The Free Press, Mankato, MN

State budget: a closer look

June 28, 2011

In case of state shutdown, Open Door for health care

MANKATO — The calls are already coming in from county officials in south-central Minnesota, according to Sarah Kruse, CEO of Mankato’s Open Door Health Center. If people lose health care benefits because of the state government shutdown, will the Open Door be able to help them?

Kruse’s answer is an emphatic “Yes.” And she’s looking to spread the message far and wide as Friday’s increasingly inevitable shutdown approaches. The door is open to people who might be dropped from state programs, to people who lose their jobs because of canceled state projects, to anyone who needs health care services.

“I really want them to know that Open Door is another safety-net option, and they don’t have to go to the emergency room,” Kruse said.

The ER is the traditional final option for uninsured people who need a medical appointment but can’t afford an out-of-pocket medical payment. Mankato’s hospital is bracing for additional uninsured patients entering Mayo Clinic Health System in Mankato through the ER, as are others around the state.

But Mankato has an alternative to the ER on Holly Lane.

Open Door — which offers both medical and dental services — has been growing dramatically, especially since receiving a $1.3 million federal grant in 2009 as part of the American Recovery and Reinvestment Act. The clinic cared for nearly 3,000 people that year.

Appointments grew 70 percent in 2010 and continue to rise rapidly this year, Kruse said.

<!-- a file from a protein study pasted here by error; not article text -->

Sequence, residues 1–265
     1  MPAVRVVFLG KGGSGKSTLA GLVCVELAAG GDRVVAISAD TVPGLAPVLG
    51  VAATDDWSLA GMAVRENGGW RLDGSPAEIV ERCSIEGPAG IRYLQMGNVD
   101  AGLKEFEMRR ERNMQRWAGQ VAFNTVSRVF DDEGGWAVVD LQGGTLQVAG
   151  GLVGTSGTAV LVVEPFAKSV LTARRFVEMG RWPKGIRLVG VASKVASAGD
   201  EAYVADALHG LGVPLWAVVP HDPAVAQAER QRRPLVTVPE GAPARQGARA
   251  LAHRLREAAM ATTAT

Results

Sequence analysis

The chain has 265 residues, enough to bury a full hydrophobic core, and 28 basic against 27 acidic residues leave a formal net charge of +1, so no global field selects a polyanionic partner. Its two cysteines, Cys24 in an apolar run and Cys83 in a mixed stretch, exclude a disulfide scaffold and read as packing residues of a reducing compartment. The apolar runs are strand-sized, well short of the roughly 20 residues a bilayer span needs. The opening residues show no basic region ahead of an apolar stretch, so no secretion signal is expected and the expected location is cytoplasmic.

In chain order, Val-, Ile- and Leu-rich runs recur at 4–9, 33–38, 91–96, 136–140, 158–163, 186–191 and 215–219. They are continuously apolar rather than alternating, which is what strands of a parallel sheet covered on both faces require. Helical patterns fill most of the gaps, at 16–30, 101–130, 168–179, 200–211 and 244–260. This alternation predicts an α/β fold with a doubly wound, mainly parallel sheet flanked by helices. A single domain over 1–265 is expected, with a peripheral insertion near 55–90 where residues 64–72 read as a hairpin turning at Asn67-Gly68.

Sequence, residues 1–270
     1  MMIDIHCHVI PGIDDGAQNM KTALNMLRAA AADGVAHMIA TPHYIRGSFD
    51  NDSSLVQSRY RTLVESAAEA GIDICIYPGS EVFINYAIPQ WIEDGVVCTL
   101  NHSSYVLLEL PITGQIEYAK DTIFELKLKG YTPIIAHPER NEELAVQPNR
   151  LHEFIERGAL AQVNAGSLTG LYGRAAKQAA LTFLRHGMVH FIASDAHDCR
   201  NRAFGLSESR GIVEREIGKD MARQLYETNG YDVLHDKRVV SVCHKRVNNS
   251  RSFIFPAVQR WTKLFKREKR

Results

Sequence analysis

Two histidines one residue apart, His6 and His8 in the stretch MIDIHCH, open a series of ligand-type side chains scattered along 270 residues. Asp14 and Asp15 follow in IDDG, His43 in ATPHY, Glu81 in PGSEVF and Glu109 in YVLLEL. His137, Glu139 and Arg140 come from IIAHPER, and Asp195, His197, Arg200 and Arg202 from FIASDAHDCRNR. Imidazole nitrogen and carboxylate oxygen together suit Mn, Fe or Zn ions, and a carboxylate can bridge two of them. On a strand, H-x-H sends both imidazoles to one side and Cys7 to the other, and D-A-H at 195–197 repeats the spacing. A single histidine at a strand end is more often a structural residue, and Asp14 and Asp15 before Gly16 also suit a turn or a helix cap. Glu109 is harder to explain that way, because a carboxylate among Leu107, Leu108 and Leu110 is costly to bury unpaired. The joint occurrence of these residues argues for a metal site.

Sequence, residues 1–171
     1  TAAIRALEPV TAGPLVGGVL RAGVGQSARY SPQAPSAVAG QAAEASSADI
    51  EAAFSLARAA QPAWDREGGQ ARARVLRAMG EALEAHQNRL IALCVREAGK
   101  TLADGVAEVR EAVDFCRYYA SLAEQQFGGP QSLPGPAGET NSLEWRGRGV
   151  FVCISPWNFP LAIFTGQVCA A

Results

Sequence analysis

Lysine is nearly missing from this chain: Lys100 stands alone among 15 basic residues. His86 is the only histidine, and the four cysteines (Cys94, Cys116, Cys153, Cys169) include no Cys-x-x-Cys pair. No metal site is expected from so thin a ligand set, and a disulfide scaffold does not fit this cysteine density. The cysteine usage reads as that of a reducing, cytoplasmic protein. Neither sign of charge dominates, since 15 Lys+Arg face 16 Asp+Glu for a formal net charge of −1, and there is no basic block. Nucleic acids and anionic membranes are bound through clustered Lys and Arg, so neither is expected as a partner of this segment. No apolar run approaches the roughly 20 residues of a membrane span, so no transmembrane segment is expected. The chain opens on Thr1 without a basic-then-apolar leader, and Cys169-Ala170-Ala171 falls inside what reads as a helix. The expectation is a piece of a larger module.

Viviana Salazar has seen a lot of that growth in the 12 months she’s been working in patient services at Open Door. Salazar and a co-worker processed 2,000 patients through the clinic’s sliding-fee payment system, checking what sorts of coverage they had or might be eligible for — spelling out what the patient would be asked to pay if they’re without coverage.

For many, the charge might work out to $25 for a procedure. If they can’t afford that, they aren’t shown the door.

“We ask them if there’s anything they’re able to pay — $5, $10, whatever,” Salazar said.

If that’s too much, the patient still gets medical care. They’re put on a payment plan, but there are no late fees and no interest charges.

And the clinic is a more efficient way to deal with routine health care appointments, including treatment of chronic diseases or the renewal of a prescription, than is an ER, Kruse said. Letters sent by the state of Minnesota in anticipation of the shutdown, however, specifically mention the ER as an option for people losing coverage and needing a medical appointment.

Along with being less expensive to the health care system and to the patient, Open Door offers services that an ER can’t, Kruse said. People like Salazar can help patients navigate, for instance, the complex application process for free prescriptions offered by pharmaceutical companies.

The looming shutdown is also on the minds of Mayo Clinic Health System officials. A Monday memo to all staff in Mankato and at other hospitals in the system’s western region provided an update on the impasse in St. Paul and listed some of the many questions that remain about the potential impact of a government shut-down.

“Will emergency volumes go up? Will our patients be able to refill medications at pharmacies if they are on Medicaid? ...” the memo stated. “As we learn, we will share the answers.”

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State budget: a closer look